As Deaths Mount, No Timeline for Promised Overdose Prevention Sites

·3 min read

At least nine new overdose prevention sites are coming to communities across B.C. as the province grapples with what is on track to be its deadliest year of illicit drug toxicity deaths.

The first 11 months of 2020 have seen 1,548 people die of overdoses. In 2018, the previous deadliest year, 1,549 people died in the full year.

The BC Coroners Service reported today that on average more than five people died each day in November for a total of 153 deaths in B.C.’s longest-running public health emergency.

That’s nearly double the same month last year, when 81 people died.

To curb historical numbers of emergency calls and deaths due to overdose, the province announced $10.6 million in funding for the new overdose services in August. There are currently seven permanent sites in B.C., six of which are in Vancouver.

According to a statement from the Ministry of Mental Health and Addictions, there will be several new overdose prevention sites in Fraser Health, at least five more in Interior Health, two more in Northern Health and two more in Vancouver Coastal.

Island Health will focus on expanding inhalation services at existing sites, which other authorities said was a priority as well.

In October, Vancouver Coastal Health said a lack of inhalation services was putting people who use methamphetamine at heightened risk of overdose.

Earlier this month, The Tyee asked newly sworn-in Minister of Mental Health and Addictions Sheila Malcolmson when drug users will see the promised expansion of overdose prevention sites and safer supply announced in September.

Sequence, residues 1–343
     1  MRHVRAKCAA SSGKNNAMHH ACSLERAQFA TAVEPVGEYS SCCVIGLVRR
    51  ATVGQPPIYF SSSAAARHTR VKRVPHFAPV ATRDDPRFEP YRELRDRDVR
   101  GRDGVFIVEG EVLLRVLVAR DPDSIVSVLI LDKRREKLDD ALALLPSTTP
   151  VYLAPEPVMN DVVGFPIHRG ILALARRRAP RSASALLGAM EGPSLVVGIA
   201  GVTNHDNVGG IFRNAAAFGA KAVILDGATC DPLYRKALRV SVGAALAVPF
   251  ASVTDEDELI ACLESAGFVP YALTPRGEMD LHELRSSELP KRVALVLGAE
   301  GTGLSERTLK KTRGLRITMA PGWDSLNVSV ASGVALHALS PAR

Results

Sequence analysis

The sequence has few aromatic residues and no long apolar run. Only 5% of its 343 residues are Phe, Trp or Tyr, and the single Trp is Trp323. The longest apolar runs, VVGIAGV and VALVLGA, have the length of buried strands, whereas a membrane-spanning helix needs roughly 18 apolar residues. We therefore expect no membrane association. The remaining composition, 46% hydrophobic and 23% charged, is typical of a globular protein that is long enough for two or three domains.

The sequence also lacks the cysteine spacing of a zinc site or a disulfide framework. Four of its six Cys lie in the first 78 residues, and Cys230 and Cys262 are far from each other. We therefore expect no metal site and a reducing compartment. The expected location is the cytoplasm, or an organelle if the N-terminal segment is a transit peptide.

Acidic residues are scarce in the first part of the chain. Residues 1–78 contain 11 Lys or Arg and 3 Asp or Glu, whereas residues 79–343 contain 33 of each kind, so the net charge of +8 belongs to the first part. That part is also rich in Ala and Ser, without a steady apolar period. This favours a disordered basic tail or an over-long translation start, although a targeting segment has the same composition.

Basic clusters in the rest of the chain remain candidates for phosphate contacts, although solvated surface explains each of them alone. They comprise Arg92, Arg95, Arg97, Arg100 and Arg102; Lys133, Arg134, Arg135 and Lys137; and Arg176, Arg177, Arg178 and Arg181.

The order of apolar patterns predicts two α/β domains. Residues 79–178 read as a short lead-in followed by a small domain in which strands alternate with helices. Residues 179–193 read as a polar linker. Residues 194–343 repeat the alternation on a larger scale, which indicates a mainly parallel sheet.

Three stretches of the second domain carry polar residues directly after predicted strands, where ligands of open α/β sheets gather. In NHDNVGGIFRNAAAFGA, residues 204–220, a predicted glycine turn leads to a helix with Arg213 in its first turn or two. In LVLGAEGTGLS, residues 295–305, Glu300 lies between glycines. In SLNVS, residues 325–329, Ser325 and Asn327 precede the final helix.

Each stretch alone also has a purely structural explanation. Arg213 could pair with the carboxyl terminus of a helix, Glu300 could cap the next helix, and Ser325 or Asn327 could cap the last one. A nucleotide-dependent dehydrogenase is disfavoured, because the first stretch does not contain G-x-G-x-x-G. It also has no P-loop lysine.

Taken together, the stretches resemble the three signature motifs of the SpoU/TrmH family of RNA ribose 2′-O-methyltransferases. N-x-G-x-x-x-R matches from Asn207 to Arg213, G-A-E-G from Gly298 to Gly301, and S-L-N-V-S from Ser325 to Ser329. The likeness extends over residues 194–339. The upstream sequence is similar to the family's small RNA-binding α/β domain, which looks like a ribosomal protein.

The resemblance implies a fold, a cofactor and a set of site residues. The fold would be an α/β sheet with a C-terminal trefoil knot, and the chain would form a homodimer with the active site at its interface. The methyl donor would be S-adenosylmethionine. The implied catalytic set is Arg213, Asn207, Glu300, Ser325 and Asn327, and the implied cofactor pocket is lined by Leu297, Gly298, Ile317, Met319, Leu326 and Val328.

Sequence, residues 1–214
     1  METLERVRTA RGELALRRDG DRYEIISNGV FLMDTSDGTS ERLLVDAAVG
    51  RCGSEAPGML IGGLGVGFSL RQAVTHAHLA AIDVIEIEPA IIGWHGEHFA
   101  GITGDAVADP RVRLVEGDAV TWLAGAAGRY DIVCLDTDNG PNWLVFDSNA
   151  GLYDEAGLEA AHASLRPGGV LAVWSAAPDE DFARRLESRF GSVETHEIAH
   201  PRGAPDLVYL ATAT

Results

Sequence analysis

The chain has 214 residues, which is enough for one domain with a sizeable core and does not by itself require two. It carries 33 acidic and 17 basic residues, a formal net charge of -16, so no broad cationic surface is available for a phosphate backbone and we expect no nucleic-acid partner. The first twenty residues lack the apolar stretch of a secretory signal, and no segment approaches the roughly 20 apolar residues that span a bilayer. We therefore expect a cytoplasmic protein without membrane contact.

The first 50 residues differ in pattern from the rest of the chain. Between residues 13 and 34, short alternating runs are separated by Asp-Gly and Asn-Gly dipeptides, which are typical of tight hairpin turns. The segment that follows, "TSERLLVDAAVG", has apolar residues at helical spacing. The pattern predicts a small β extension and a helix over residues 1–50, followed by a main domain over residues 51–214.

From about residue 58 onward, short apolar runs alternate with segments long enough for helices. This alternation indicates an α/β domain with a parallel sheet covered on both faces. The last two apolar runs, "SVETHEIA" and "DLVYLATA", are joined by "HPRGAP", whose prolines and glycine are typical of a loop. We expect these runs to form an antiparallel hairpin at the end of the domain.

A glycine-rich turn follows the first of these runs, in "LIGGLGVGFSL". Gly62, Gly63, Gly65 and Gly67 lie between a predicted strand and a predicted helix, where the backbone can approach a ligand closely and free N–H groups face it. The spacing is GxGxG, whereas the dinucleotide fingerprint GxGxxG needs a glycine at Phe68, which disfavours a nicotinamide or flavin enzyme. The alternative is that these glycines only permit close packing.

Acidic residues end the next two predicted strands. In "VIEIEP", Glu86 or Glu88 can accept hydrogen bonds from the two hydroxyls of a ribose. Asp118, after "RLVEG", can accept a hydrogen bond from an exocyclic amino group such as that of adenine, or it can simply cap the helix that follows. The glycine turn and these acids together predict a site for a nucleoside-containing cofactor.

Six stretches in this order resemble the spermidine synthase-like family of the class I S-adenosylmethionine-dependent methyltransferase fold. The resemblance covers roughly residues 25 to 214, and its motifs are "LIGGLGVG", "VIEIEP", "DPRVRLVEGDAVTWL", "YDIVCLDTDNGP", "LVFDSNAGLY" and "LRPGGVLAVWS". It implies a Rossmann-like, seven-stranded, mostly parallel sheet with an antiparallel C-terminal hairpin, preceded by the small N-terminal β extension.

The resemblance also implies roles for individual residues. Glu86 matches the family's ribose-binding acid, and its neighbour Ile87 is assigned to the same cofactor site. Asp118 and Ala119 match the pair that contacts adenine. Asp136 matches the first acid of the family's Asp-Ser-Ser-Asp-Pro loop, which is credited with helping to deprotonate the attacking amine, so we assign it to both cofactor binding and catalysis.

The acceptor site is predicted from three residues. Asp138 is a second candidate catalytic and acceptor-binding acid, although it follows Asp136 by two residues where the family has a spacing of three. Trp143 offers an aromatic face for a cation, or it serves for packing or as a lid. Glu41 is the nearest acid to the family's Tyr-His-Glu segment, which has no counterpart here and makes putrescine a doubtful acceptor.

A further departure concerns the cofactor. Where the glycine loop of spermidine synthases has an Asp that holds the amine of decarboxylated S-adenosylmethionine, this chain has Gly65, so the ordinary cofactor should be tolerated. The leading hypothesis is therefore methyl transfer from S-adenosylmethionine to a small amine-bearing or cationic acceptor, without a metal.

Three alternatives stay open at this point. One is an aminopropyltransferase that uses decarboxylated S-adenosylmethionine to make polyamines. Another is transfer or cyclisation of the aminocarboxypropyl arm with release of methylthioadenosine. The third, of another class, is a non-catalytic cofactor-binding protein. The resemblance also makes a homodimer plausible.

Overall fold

She declined to give a specific timeline but said the work to implement both interventions was happening at full-speed.

“COVID-19 has set us back with a dramatic spike in drug toxicity,” she said. “I am committed to building on our unrelenting response to the overdose crisis, finding new ways to separate people from the poisoned drug supply, building more treatment and recovery beds, and moving forward on decriminalization to reduce stigma.”

The increasingly toxic drug supply in B.C., exacerbated by pandemic-related disruptions to the supply chain, means even casual, one-time and infrequent drug users are at risk.

Fentanyl and its powerful opioid analogues were present in more than 80 per cent of the deaths in 2020, compared with just five per cent of deaths in 2012.

The presence of methamphetamine has also more than doubled from 14 per cent of deaths to 39 per cent in the same timeframe.

“The impacts of COVID-19 have been deadly for those experiencing problematic substance use,” said Chief Coroner Lisa Lapointe in a statement. “Ensuring access to critical harm reduction measures including naloxone, supervised consumption sites, overdose prevention sites and drug checking services are essential if we want to prevent future deaths.”

She also urged a further expansion of safer supply initiatives. “Providing those with substance use disorder access to pharmaceutical alternatives will be of immense benefit to reduce the harms and suffering resulting from the ‘for-profit’ illicit drug market,” said Lapointe.

The Tyee has reached out to the health authorities for timelines on when the new sites will be operational.

But nine months into a pandemic whose public health measures sent overdoses to historical levels, advocates are demanding immediate action on both overdose prevention and safer supply.

“For people using illicit fentanyl, prescribed fentanyl can be a lifesaver, prescribed heroin can be a lifesaver too, but decision-makers need to invest in these programs to make them a reality,” said Jordan Westfall, co-founder of the Canadian Association for Safe Supply.

Moira Wyton, Local Journalism Initiative Reporter, The Tyee